“There’s really no understanding when a person says, ‘I’m biracial, I’m multiracial,’ ” he said. “People don’t know where to locate you. They know where to locate blacks. They know where to locate whites. They know where to locate Native Americans, Latinos. When you say, ‘I’m biracial, multiracial,’ they say, ‘Who are your people? What does that mean?’ Inevitably people will recode you into whatever they want you to be.”

That’s why self-identification is so important, Daniel said. It’s changing the way people talk about race and where mixed-race people fit in the fabric of American society. “If people really identified with the complexity of their million ancestors, we’d have a really different world,” he said.

Read more HERE

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4 thoughts on “people will recode you

  1. I think that is why folks have a hard time with the mixed race identity is that we still live with the same deep seated ignorance devised by 15th century philosophers and scientists. Being a member of the African diaspora, many still swallow the old fashioned white supremacist idea that race is correlated with a dominant phenotype and if you look a certain way you are presumed to have certain characteristics. The darker you are the more devolved you become. The wonderful thing about mixed race folks is the same thing that I love about living in New York. It is one of the few places in the world were you cannot tell a book by cover. White folks treasure their ethnicity, black folks can be from anywhere on this planet and Hispanics honor their countries and many don’t deny that they are mixed race.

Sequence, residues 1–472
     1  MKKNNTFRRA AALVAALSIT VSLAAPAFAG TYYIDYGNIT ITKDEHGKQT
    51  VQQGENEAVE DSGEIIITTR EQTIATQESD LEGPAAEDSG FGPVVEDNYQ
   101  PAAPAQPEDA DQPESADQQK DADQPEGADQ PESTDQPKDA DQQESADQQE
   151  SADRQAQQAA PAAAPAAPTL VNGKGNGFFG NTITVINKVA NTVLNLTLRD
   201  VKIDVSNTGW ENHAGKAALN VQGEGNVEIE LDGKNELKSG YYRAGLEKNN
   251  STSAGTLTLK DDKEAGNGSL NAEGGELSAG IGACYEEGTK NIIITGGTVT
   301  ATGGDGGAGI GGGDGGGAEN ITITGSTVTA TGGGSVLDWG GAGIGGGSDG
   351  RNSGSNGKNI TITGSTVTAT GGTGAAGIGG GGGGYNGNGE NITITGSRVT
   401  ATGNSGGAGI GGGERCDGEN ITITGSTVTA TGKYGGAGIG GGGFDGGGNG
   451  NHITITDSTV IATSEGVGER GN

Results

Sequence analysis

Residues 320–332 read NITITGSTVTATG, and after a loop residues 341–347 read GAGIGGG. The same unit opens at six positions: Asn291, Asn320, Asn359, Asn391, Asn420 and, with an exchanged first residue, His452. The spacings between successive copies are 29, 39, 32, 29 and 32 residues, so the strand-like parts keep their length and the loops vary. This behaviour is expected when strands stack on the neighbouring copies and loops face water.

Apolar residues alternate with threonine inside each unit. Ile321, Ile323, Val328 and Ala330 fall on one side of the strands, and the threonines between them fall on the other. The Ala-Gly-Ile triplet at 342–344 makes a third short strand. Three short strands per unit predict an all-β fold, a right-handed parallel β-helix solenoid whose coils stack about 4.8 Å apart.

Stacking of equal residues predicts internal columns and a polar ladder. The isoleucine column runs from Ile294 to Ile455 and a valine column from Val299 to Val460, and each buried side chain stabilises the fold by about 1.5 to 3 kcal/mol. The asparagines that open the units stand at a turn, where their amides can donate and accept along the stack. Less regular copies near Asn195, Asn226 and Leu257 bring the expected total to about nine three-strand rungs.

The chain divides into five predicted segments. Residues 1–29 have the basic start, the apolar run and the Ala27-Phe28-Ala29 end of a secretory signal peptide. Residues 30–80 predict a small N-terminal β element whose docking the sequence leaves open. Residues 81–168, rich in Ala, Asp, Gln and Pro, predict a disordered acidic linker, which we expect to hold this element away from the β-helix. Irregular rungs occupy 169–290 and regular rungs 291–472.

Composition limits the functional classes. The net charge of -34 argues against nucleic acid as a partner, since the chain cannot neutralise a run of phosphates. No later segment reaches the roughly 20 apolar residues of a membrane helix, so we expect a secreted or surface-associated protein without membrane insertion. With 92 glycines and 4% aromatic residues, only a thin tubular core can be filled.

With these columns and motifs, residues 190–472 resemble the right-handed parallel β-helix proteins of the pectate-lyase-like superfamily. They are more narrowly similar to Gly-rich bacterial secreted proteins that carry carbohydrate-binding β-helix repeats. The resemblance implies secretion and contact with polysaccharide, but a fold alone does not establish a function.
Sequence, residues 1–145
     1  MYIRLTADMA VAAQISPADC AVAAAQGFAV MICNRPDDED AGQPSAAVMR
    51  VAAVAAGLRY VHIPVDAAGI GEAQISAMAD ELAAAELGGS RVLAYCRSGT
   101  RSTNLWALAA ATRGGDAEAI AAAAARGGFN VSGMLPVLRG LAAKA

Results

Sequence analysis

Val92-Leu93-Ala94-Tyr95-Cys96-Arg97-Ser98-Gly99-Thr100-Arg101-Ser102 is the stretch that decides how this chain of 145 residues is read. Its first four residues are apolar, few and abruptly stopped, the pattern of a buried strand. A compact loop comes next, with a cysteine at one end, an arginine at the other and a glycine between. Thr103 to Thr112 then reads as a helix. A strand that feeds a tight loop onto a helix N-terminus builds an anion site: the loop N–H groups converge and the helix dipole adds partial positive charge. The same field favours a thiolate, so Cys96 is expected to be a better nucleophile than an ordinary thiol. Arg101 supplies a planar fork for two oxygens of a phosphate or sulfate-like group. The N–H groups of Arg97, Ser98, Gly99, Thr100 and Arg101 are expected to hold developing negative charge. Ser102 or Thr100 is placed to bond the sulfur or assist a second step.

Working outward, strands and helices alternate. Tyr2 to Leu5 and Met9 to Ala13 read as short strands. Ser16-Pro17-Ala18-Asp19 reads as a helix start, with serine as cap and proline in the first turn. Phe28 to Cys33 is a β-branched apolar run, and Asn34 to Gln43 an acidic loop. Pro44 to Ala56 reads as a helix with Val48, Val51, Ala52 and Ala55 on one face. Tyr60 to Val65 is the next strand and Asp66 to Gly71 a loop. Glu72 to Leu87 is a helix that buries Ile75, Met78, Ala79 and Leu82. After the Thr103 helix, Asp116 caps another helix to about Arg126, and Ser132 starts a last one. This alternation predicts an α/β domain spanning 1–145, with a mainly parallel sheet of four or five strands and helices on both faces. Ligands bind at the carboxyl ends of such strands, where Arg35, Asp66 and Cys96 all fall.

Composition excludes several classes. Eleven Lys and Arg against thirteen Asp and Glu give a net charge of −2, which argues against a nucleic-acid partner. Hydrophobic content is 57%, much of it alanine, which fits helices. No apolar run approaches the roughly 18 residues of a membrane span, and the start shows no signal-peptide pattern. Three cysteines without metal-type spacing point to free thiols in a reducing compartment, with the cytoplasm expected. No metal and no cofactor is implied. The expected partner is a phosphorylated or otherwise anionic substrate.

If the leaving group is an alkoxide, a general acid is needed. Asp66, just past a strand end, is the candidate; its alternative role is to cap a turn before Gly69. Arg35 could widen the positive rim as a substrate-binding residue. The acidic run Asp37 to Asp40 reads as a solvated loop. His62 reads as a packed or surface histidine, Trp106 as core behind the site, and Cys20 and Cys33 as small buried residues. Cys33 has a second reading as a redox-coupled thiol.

2. I spent hours last night reading your blog. I stumbled across it looking for children’s books featuring biracial characters. My seven year old is in love with Amy Hodgepodge because the character is biracial like her. Her father and I have always spoken very openly with her and her sister about their biracial identity. Very recently she has become much more vocal about this part of her identity.

    I can’t tell you how much I enjoyed reading your posts. Many of the posts mimic conversations we have in our home (I ESPECIALLY related to the post about race and current television programs — of particular interest to my husband). Keep up the excellent work. I want to be able to direct my daughters to you when they are older!

  3. Pingback: Black White Man | My lazy, accurate method of describing my ethnicity to strangers.

  4. This reminds me of all the times when people have tried to force me into an identity throughout my life.
    One memory stands out in particular when I was in high school and dating a Black guy. I was at his parents’ house and his father suddenly started questioning my heritage.
    I was uncomfortable with this because really, why did it matter? I was nice, I was respectful, I was a good student…why was my racial identity so important?

    Anyway, he wouldn’t leave it alone. He insisted that I HAD to identify as Black only despite looking the way I did.
    Things like this made me realize the need for people of mixed race to have confidence in who we are.
    We should embrace ALL of who we are, and refuse to allow anyone to bully us into “choosing” one identity only.

    We can’t always decide how others will see us, that much is true. Some people will see me as black (depending on my hair and who I might associate with); some people might see me as white; others might think Asian or Latina.
    But either way, my humanity is not to be questioned.